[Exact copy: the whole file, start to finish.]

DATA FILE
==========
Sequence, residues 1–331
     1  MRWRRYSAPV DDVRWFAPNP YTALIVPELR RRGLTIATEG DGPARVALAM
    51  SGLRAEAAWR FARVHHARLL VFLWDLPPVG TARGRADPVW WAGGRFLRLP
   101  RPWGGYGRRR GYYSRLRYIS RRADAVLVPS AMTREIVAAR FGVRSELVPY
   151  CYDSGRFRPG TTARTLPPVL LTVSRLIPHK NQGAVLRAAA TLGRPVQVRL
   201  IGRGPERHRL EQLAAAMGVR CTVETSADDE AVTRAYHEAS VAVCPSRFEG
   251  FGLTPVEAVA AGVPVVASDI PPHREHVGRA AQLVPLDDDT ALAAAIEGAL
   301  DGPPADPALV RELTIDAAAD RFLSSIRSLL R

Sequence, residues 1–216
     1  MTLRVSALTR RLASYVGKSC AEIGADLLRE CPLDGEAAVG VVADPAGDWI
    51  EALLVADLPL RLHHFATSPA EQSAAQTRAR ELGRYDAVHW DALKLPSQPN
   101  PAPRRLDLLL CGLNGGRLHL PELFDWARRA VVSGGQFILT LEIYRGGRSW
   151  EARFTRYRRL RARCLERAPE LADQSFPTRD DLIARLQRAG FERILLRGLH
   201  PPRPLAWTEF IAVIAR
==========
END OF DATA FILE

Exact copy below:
Sequence, residues 1–331
     1  MRWRRYSAPV DDVRWFAPNP YTALIVPELR RRGLTIATEG DGPARVALAM
    51  SGLRAEAAWR FARVHHARLL VFLWDLPPVG TARGRADPVW WAGGRFLRLP
   101  RPWGGYGRRR GYYSRLRYIS RRADAVLVPS AMTREIVAAR FGVRSELVPY
   151  CYDSGRFRPG TTARTLPPVL LTVSRLIPHK NQGAVLRAAA TLGRPVQVRL
   201  IGRGPERHRL EQLAAAMGVR CTVETSADDE AVTRAYHEAS VAVCPSRFEG
   251  FGLTPVEAVA AGVPVVASDI PPHREHVGRA AQLVPLDDDT ALAAAIEGAL
   301  DGPPADPALV RELTIDAAAD RFLSSIRSLL R

Sequence, residues 1–216
     1  MTLRVSALTR RLASYVGKSC AEIGADLLRE CPLDGEAAVG VVADPAGDWI
    51  EALLVADLPL RLHHFATSPA EQSAAQTRAR ELGRYDAVHW DALKLPSQPN
   101  PAPRRLDLLL CGLNGGRLHL PELFDWARRA VVSGGQFILT LEIYRGGRSW
   151  EARFTRYRRL RARCLERAPE LADQSFPTRD DLIARLQRAG FERILLRGLH
   201  PPRPLAWTEF IAVIAR